|4:00 PM||[ ] Noncritical/Proactive – Watching, Replying, etc. |
[ ] Noncritical/Reactive – Close out any emails or missed to-do’s, etc.
|5:00 PM||[ ] Pick up kids|
[ ] Drive home
|6:00 PM||[ ] Prep Dinner |
[ ] Eat Dinner
|Remember to ask Jess about her day and about her upcoming meeting.|
|7:00 PM||[ ] Personal proactive work |
[ ] Personal proactive work
|8:00 PM||[ ] Daily Reflect and Review |
[ ] Preplan for tomorrow
|9:00 PM||[ ] Stretch|
[ ] Read, Journal, Gratitude
|10:00 PM||[ ]Sleep|
Notice that the schedule has spots designated for workouts, meals, priority work and personal and professional time.
To stay positive, proactive and engaged throughout the day, add reminders and notes that redirect your focus. Every person’s schedule is different, but the more structure you add on the front end, the more focus, clarity and control you’ll have throughout the day. Be sure to adapt your approach along the way.
If there are habits I’m experimenting with, they’re added to the planner with a checkbox as well. Feel free to do the same, and really make this your own. When I’m at my best, I’ve set an intention and envisioned the best possible outcome for each interaction or call. To master a transition between tasks, I close my eyes and take 5 deep breaths. I’ve found that when I slow down, I work faster. This practice allows me to slow down so I am much more intentional about how I spend my time and energy. If you’re feeling stuck when it comes to developing your time management skills, speaking with a licensed counselor can help. The licensed counselors at BetterHelp can help you maintain productivity.
Slow is smooth. Smooth is fast.
I schedule in my morning routine and my nightly reflect and review and don’t consider the day done until I have filled out the next day’s calendar. It’s become a part of who I am and there is no turning back. I hope it offers the same clarity and control of your schedule and life as well.
Note: Emails are generally NOT a priority, unless they are critical to a project or you’re waiting to hear back from an important client. If no emails are critical to your life on a given day, do not waste time clearing out your inbox or getting sucked into advertisements and other distractions. Most certainly do not start off your day in a noncritical, reactive state. When it comes to replying and responding, save them for the end of the day or schedule a time right after a Critical/Proactive or Critical/Reactive work block, right before a break.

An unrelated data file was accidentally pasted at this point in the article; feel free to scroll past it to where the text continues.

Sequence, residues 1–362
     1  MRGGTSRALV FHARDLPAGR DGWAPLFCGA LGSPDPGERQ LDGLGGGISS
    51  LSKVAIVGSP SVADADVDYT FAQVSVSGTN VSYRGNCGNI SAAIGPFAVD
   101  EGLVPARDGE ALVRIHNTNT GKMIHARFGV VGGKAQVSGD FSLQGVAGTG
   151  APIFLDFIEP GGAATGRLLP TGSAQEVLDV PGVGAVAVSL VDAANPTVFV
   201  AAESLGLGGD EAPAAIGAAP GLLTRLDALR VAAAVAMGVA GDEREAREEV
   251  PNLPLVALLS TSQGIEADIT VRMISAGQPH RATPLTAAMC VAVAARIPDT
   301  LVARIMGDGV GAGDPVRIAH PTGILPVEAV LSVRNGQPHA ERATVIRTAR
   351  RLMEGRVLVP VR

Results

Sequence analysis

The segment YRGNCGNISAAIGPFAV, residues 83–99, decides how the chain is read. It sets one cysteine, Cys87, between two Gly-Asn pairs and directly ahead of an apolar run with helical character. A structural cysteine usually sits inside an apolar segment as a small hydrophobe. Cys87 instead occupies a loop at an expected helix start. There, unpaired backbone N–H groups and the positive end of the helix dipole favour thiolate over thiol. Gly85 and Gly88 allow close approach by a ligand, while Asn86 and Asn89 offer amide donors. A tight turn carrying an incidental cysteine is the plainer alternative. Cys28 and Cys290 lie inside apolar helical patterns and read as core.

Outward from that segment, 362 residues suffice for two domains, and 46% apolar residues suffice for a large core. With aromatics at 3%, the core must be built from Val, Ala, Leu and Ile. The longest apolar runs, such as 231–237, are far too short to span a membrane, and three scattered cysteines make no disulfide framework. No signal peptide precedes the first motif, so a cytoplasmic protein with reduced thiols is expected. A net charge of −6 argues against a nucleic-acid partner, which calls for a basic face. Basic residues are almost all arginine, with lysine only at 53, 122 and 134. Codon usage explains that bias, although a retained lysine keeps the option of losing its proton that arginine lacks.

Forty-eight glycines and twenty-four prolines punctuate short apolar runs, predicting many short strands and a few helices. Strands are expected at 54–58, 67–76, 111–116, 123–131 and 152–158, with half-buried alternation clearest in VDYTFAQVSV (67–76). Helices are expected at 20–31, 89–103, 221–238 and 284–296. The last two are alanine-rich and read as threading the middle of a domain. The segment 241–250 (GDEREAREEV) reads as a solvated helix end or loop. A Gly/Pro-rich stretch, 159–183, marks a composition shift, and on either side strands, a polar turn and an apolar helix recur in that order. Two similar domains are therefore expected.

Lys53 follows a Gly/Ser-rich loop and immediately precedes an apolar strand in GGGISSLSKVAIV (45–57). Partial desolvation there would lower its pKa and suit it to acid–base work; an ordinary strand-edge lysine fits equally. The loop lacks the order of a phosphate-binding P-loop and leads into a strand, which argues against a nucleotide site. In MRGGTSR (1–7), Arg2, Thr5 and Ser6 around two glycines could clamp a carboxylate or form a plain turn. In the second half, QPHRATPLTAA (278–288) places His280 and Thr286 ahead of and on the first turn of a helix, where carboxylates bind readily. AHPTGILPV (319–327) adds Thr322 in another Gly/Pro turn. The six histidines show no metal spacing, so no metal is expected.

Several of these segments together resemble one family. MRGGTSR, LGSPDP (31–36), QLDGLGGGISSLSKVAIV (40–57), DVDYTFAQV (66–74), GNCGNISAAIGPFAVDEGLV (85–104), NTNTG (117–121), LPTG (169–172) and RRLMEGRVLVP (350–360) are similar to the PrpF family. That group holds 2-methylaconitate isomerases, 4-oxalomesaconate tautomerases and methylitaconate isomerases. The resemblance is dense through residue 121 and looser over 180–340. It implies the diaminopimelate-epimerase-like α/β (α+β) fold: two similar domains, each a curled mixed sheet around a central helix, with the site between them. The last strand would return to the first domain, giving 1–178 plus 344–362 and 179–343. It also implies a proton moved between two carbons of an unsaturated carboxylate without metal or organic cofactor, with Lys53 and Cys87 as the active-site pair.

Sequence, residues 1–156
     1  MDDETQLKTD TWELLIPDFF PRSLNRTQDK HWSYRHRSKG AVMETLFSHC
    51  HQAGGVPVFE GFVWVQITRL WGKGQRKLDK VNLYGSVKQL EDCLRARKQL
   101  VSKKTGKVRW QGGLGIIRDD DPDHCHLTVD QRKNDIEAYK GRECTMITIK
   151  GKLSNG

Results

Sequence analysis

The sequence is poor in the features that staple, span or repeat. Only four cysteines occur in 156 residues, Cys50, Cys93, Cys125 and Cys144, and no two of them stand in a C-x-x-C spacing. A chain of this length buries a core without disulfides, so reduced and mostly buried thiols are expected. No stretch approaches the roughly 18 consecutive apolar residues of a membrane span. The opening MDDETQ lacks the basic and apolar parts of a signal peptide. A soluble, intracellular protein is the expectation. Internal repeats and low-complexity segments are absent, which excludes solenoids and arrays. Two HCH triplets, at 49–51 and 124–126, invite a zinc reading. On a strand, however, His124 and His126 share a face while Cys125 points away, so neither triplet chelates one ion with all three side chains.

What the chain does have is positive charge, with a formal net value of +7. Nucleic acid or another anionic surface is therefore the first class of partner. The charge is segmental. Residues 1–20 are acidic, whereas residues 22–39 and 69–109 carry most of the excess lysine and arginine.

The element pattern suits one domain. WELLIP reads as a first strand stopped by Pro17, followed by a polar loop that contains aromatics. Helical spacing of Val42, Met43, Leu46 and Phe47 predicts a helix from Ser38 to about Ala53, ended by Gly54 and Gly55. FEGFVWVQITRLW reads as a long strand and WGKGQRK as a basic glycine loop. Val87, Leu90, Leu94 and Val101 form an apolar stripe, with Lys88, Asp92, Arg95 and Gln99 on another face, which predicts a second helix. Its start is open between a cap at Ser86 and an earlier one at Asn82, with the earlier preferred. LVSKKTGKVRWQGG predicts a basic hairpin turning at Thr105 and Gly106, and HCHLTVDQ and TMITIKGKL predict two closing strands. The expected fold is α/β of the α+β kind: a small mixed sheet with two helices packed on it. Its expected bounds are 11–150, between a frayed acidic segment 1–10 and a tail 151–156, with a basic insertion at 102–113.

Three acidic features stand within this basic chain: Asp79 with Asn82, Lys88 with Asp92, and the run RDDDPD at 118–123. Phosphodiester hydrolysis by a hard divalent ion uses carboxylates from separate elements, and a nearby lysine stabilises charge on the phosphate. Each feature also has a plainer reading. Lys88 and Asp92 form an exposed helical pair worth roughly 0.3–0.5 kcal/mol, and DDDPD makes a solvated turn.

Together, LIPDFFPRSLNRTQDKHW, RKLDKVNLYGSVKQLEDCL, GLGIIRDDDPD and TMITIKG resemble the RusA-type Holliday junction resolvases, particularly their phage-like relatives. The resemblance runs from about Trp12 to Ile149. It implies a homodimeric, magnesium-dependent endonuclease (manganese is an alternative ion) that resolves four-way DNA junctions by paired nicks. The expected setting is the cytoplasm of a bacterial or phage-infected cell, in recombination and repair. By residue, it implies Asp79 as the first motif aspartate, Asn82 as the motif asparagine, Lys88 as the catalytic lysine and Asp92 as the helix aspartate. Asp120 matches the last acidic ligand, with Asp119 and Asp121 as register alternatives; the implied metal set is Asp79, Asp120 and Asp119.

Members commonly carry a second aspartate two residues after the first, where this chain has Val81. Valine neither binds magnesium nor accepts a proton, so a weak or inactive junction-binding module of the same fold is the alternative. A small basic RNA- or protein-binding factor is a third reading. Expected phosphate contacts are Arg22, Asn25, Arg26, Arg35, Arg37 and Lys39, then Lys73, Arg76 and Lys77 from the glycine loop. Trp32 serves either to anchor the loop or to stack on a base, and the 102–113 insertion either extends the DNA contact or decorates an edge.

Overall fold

After you’ve prioritized and pre-planned your day so you know where you will be, what you will be doing, who you will be doing it with and when, you can do a mental rehearsal and review any especially challenging tasks, people or situations. This is where you practice. I call it Envisioning the Perfect Day. Practice going through the motions so that your body and mind knows what to do once they come face to face with the upcoming task, person or stressor.
- Are you trying, meeting, or starting someone or something new? Mentally rehearse going through the motions so you are ready to go at game time.
- Do you have a review, consult or other uncomfortable conversation? Practice visualizing yourself showing up present, engaged and confident.
- Do you have an upcoming speech, presentation, or interview? Practice, practice, practice.
Our ability to move forward through life consciously creating and managing it as we go, allows for a deep sense of ease as we flow throughout each day.
Put the work in on the front end, prioritizing, preplanning and practicing, so you’ll be ready to respond to anything with grace and ease. Each night before bed, prepare yourself for the next day. Set the tomorrow you up for success by cleaning up any loose ends. Pack your bags and your lunch. Pick out your outfit and clean up your room.
Just like meal prep on Sunday’s sets you up for a week of healthy living, mental prep the night before sets you up for mindful living the next day. There’s never enough time, so do what you need to do before it needs to be done.
Give this practice a go and see what it does to help you effectively manage your time, energy and stress throughout the day.
If you’re ready to learn the Stress Fighting Strategy for Proactivity and how that applies to your own life, let’s chat. I’ve felt the stress of burnout and overwhelm and know what it’s like to spend all day busy but get nothing accomplished. With a little proactivity on your part, that will no longer be the case. I love nothing more than helping people remove the stress and overwhelm from there life so they can actually take action towards their dreams. Stress is the biggest killer of productivity and progress; that’s why it’s so important that we learn how to manage it in the everyday chaos of life!